Auckland Airport and Kathmandu are just two examples of investment opportunities that have emerged for the Fund in the market sell-off. Importantly, we believe ongoing price volatility and equity issuance will likely continue, and this will generate new investment options for the Fund over the coming months. At the time of writing, Auckland Airport has launched a $1b equity raise.

We are working on a base-case that corona virus news-flow is likely to unsettle markets in the near term. While the current level of economic uncertainty pales in comparison to worse-case scenario fears in the midst of the Global Financial Crisis – the immediate demand shock of this crisis is the worst seen for many economies since war-time.

We acknowledge a lot will ride on the effectiveness of containment strategies. A short-lived downturn would see an incredibly strong snap-back in markets. However, it is quite possible, that not much less than an economy-wide Government buyout of the economic damage may be required to ensure a healthy economic recovery. 

It is worth remembering this crisis, was not the fault of any company or employee or investor. Strict containment controls are ultimately required with a health-system that is inadequately resourced and funded to cope with extreme shocks. Governments around the world clearly ‘get it’, and it is encouraging to see signs of a ‘do what it takes’ attitude to policy response. It is noteworthy that the NZ share-market turned following Jacinda Arden’s comments that no one will lose their home because of the corona virus.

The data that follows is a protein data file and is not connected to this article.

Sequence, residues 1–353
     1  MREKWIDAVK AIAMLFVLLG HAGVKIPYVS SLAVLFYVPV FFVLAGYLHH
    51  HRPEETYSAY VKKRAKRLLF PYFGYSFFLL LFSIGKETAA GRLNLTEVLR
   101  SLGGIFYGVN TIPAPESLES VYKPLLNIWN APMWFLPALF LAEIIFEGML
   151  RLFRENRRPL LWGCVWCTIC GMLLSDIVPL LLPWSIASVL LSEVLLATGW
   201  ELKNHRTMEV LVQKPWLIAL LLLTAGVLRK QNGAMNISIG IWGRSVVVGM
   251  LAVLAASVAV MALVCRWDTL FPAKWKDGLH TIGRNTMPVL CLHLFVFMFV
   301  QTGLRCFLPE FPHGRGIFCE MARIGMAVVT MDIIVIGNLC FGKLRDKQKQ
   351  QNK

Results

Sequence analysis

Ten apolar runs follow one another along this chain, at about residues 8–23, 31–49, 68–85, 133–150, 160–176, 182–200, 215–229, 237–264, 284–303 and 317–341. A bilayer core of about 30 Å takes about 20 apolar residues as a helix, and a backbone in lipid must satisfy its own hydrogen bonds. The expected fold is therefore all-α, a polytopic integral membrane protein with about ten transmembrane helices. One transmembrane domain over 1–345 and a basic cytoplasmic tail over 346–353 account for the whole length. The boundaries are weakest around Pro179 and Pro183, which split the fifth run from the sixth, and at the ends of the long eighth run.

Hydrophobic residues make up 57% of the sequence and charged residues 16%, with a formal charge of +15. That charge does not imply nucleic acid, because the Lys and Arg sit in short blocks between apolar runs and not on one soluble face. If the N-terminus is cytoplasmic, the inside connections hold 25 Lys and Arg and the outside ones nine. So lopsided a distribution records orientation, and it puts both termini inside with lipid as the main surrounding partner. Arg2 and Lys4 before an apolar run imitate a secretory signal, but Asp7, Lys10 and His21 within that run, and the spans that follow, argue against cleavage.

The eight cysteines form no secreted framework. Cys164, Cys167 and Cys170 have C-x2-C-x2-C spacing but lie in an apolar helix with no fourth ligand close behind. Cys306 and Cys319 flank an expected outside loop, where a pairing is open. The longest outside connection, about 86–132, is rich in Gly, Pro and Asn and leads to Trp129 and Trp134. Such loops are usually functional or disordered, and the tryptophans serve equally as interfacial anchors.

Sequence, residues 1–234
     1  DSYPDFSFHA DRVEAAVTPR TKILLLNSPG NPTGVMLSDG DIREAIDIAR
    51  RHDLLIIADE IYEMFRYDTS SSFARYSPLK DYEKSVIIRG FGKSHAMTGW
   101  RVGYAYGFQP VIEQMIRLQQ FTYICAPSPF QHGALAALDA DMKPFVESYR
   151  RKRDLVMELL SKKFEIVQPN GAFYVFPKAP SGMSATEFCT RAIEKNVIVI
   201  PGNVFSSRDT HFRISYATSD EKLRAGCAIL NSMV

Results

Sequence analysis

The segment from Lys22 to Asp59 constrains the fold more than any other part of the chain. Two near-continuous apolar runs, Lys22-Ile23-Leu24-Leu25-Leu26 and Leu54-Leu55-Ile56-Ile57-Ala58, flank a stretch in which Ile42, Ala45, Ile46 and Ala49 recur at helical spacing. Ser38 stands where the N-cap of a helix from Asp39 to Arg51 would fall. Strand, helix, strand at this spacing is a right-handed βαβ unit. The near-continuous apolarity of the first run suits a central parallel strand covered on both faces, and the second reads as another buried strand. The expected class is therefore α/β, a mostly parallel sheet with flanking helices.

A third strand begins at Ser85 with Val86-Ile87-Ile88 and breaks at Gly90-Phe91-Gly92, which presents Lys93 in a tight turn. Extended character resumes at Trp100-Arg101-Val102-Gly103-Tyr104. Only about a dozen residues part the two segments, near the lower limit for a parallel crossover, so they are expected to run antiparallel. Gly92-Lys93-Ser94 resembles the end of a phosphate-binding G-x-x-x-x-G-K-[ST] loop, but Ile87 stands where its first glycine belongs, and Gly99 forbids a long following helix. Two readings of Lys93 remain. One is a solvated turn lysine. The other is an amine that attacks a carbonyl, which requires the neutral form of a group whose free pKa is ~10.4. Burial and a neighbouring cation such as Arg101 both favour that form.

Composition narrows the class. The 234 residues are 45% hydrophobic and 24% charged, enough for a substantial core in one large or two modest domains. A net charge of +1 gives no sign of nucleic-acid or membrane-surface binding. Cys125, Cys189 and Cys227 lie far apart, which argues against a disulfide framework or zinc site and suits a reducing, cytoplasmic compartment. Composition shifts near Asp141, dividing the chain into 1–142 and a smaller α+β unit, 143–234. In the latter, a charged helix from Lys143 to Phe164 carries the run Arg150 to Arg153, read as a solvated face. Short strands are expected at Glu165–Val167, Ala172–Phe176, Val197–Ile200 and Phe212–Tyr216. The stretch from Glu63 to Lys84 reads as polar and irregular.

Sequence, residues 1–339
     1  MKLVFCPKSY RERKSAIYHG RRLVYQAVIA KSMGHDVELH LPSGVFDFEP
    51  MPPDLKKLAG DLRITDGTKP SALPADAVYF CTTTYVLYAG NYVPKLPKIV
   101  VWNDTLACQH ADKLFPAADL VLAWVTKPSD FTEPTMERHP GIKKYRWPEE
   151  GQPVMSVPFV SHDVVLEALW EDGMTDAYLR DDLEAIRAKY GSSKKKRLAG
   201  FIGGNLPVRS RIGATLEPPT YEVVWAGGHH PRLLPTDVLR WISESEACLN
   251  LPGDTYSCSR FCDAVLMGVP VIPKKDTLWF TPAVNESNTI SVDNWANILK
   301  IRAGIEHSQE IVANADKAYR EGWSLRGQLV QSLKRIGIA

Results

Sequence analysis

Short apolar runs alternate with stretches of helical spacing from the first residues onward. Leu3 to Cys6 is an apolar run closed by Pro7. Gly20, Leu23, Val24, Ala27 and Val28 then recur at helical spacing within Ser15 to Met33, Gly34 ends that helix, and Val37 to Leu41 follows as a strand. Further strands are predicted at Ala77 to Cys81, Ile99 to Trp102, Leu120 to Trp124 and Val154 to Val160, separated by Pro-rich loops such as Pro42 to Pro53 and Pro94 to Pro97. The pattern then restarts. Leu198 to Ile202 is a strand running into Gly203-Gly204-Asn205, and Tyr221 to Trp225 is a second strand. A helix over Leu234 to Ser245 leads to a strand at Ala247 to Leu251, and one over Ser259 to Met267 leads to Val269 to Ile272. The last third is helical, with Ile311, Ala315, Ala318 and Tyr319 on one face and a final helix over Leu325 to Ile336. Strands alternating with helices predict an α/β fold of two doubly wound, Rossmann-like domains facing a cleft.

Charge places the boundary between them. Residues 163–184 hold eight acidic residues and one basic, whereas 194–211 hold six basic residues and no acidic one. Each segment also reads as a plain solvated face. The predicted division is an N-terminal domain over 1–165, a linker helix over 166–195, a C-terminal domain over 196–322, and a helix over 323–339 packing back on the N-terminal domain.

We expect Government support to evolve with the crisis and the functioning of credit, and its market participants, will be a vital part of any Government recovery plan. To steal a phrase from investment bank Jefferies, ‘there are no shortages of targets, and we need more Bazookas’. We think more Bazookas are coming.

In the interim – we expect high share market volatility to continue. The alarming contagion of the virus in the US is of particular concern. As the epicentre of global investor sentiment, progress reports in the US will be particularly important for market direction.

At a more granular level, company share price volatility will persist as investors continually evaluate valuation erosion by estimating cash burn and liquidity against the more uncertain variable of duration (how many months will this go on for?). With this in mind, it is important to take guidance from experts. Michael Baker, the only epidemiologist on the NZ Government’s Covid-19 ministry advisory committee, says for NZ, “there is actually a light at the end of this tunnel, and it is not a particularly long tunnel.”